Monday, February 9, 2015

5 Tips to Getting Back on Track


This is the time of year when you suddenly realize what happened to those goals you set just last month at the beginning of the year.  Are you keeping the goals you set?  And if you haven’t been meeting those goals, why not? How can you get back on track? Let’s look at some ways that might get you back in gear and in line to meet your writing targets. It all starts with looking back on what you have done for the past month:

1.      Review your writing goals. It’s always good to take stock of your goals and see if they are realistic. If you set the goal of a thousand words a day and you find you just can’t meet that target, maybe it will help if you lower it a little. Not everyone writes that quickly and not everyone can maintain that sort of target. Try 750 or keep a record for a week and see what works for you.  If you are writing 500 words a day on a regular basis, maybe set your goal a little higher, say 600 until you are comfortable with that. Then you can consider raising it.

2.      Applaud and celebrate what you have done right.  Look back on what you did accomplish. Did you write the four weekly blogs you intended to write? Did you go out of your way to promote your upcoming book in a way you had not originally planned to do? Celebrate those small steps. They make setting goals worthwhile. Take yourself out to lunch or take a friend. Give yourself a day to just read or visit the library and research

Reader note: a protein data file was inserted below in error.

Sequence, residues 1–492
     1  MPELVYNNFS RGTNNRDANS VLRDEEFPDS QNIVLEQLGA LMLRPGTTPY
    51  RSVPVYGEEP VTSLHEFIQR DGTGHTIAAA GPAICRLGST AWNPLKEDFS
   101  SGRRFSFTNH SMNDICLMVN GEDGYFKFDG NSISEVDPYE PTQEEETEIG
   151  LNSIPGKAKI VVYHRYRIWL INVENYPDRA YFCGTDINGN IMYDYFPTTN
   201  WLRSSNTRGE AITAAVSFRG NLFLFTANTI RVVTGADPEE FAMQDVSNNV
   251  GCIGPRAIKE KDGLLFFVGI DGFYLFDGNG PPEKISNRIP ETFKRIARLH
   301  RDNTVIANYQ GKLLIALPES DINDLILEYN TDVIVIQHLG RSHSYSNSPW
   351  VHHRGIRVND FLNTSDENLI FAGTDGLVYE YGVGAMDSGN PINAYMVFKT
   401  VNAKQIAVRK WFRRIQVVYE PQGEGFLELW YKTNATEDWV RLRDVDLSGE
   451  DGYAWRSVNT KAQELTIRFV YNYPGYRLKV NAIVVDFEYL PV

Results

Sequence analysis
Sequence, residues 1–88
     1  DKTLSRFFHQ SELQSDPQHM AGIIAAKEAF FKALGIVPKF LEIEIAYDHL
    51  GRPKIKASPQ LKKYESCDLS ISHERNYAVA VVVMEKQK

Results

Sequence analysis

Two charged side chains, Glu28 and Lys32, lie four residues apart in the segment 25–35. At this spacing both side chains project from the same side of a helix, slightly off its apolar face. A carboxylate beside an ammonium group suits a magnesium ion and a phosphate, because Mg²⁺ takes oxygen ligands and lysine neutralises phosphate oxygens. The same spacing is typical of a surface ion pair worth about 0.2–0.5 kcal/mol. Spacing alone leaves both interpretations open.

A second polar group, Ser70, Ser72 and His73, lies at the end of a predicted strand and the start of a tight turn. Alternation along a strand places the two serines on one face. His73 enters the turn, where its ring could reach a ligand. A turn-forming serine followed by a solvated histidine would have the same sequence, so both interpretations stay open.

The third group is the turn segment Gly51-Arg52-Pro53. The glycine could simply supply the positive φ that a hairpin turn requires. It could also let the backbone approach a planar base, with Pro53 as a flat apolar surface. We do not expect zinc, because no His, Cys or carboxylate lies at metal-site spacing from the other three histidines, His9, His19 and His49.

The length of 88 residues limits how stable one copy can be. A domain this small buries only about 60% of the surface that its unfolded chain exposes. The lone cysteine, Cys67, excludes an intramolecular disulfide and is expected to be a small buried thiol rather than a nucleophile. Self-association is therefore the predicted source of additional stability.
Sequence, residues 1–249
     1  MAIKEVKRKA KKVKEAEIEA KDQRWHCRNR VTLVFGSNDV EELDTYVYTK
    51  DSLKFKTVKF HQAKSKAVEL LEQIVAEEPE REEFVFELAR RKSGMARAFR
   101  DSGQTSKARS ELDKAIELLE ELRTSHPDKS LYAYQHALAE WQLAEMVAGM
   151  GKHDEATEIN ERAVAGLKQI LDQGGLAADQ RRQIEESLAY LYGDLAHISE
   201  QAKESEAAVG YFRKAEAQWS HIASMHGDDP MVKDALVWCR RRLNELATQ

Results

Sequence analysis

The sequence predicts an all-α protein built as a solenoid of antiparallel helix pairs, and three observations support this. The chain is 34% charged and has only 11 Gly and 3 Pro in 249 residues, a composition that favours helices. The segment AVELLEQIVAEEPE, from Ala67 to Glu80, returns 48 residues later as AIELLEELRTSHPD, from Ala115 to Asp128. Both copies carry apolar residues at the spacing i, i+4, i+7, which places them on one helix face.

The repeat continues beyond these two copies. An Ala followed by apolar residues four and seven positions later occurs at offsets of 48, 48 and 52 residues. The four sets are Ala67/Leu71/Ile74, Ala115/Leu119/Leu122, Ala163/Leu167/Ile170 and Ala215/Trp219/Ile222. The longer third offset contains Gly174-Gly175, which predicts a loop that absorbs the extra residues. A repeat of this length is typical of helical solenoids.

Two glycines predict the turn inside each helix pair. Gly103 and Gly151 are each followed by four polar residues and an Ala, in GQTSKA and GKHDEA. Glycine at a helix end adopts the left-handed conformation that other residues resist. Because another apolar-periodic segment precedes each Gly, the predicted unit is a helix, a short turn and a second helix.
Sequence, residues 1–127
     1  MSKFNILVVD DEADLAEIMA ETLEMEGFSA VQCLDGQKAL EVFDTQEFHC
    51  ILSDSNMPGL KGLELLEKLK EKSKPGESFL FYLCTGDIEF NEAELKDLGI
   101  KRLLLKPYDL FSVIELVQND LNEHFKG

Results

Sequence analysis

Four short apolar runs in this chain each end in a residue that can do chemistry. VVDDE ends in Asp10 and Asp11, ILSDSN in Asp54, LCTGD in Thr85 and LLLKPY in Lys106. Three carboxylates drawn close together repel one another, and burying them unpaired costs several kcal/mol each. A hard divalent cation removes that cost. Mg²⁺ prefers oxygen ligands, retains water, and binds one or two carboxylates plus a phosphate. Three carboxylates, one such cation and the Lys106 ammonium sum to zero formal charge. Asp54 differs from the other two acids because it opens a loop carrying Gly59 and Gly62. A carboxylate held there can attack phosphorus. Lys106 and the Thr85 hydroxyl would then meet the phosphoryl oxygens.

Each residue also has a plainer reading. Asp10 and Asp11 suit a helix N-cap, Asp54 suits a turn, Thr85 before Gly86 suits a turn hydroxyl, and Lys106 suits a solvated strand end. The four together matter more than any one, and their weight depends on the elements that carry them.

3.      Try a new writing project.  If you have been wanting to write a blog, then this might be the time to try it.  Writing non-fiction can be a good way to stimulate the creativity of writing fiction

4.      Try a new creative project. I attended a lesson last month on ways to stretch creativity and came away with a new appreciation for drawing, painting and just doodling on scrap paper. It gave me a whole new outlook on ways to expand my ways of thinking creatively and as I worked on just doodling I found myself coming up with a new way to approach a troublesome scene.

5.      Try stepping away from your book for a day or two. Give yourself permission to take a day or two off. Don’t let the time be too long, because you might not come back to your project, but sometimes a couple of days off can help you if you are overthinking a situation.

So take stock of what you’ve been doing and look forward to what you might do to get back on track to meet those goals you set last month. And if they are unrealistic then think about how to change them. (Editing never hurt anyone)

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